“Clients are concurrently demanding greater production value and more creative ideas whilst giving tighter deadlines. Taylor James’ recent cross platform campaign for "Canon – See Impossible" through Grey NYC was no different.

“The campaign objective was to illustrate that Canon’s technologies add value in many fields outside of just photography. We had to deliver animations to work across TV, digital and print media. This required a multi-disciplined production approach combining live-action, photography, CGI, motion graphics and animation. 

“With such varied requirements, the flexibility in our pipeline is key in order to successfully deliver these types of campaigns under tight deadlines. We have made a conscious push towards real-time tools that offer our artists immediate feedback and cut out time-consuming offline rendering.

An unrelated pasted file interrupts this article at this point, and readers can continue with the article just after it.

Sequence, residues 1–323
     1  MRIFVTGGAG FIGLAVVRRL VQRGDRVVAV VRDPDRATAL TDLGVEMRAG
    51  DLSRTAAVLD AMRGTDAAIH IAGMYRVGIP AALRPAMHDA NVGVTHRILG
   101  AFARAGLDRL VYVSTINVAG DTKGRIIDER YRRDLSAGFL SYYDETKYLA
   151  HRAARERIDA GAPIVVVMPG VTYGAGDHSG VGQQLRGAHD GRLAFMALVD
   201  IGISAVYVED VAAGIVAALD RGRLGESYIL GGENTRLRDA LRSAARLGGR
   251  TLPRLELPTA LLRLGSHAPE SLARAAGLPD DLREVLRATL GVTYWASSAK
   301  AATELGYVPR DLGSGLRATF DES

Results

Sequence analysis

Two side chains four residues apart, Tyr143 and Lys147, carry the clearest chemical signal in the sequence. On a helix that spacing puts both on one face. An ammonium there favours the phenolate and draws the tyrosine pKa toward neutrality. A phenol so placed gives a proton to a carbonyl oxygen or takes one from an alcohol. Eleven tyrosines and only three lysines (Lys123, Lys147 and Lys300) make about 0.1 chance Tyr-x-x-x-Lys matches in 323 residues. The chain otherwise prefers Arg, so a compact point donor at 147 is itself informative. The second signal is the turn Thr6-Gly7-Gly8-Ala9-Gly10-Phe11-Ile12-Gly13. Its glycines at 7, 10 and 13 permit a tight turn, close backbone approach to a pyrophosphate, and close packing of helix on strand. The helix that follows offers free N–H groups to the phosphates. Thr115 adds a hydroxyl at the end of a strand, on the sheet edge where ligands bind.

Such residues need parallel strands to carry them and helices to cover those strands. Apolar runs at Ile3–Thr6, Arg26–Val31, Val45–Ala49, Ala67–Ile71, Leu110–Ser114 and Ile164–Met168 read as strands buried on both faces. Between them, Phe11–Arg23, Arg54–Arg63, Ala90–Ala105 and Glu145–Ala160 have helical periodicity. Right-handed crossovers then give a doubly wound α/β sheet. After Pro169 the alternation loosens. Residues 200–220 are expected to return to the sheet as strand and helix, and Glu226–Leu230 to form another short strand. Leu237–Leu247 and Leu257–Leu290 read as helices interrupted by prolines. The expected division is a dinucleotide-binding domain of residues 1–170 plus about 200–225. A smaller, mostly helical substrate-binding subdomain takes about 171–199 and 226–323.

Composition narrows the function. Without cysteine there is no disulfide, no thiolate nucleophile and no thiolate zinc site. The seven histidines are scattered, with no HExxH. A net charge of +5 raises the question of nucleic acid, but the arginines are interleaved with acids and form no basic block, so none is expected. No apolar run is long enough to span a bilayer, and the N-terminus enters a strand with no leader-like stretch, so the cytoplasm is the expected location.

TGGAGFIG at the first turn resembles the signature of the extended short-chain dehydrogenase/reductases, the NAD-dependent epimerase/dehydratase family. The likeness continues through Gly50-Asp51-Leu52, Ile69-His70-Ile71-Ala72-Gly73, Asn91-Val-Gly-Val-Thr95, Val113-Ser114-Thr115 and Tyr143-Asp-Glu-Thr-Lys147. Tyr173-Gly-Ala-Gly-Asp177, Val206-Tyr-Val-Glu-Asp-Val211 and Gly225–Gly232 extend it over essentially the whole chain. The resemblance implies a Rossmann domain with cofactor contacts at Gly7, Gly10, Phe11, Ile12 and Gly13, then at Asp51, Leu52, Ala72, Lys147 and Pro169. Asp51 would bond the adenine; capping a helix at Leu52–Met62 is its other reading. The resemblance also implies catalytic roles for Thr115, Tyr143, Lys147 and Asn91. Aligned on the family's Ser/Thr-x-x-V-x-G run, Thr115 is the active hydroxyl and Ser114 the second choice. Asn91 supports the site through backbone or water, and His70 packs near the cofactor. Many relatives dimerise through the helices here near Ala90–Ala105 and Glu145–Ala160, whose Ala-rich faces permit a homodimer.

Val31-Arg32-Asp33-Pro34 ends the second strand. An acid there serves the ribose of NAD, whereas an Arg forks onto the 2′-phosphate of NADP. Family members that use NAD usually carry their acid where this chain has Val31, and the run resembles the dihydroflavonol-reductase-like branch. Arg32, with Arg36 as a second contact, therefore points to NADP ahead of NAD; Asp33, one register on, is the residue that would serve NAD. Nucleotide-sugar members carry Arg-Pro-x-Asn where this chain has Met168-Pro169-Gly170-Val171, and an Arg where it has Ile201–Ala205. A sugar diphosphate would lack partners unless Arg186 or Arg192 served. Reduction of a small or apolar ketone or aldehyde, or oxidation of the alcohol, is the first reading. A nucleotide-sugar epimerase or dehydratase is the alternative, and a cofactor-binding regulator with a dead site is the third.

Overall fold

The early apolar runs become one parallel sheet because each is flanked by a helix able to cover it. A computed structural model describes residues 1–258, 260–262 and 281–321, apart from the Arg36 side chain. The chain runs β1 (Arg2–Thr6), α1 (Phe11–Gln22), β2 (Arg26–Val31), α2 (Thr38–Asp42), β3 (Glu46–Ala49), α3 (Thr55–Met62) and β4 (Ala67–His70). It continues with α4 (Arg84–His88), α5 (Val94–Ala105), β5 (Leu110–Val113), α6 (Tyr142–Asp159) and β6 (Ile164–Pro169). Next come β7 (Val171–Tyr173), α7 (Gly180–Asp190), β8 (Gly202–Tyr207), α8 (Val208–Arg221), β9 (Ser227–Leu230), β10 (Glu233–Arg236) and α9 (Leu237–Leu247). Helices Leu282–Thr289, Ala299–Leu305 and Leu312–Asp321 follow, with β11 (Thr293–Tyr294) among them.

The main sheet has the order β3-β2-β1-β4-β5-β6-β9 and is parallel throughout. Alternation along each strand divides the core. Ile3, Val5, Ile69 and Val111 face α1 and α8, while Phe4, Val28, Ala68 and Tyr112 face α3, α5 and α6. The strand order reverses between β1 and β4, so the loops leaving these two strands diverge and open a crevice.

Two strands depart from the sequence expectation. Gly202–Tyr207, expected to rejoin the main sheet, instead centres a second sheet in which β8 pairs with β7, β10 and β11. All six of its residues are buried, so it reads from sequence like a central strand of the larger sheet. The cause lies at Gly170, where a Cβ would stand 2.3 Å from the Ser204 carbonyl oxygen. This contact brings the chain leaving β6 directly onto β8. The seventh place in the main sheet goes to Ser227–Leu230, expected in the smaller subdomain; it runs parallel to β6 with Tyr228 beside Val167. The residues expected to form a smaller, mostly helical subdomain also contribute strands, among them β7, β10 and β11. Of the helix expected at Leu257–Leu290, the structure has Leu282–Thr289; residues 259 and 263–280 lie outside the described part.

“For Canon, we setup a pipeline between our print and motion graphics teams to re-use print assets wherever possible. For the CGI heavy scenarios we utilised Element 3D within After Effects, giving us the ability to immediately visualize the final look and feel within our composites. So not only can we tweak animations, lighting, materials and shaders on the fly, but also see the finished results without the need for offline rendering. This enables our artists to spend more time on secondary and tertiary animation to really perfect the details and hone the creative idea. 

“Overall, this approach is something we are constantly evolving to give our clients the consistently high quality results their campaigns deserve.”    

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Genres: Animatics

LBB Editorial, Tue, 24 Feb 2015 16:33:00 GMT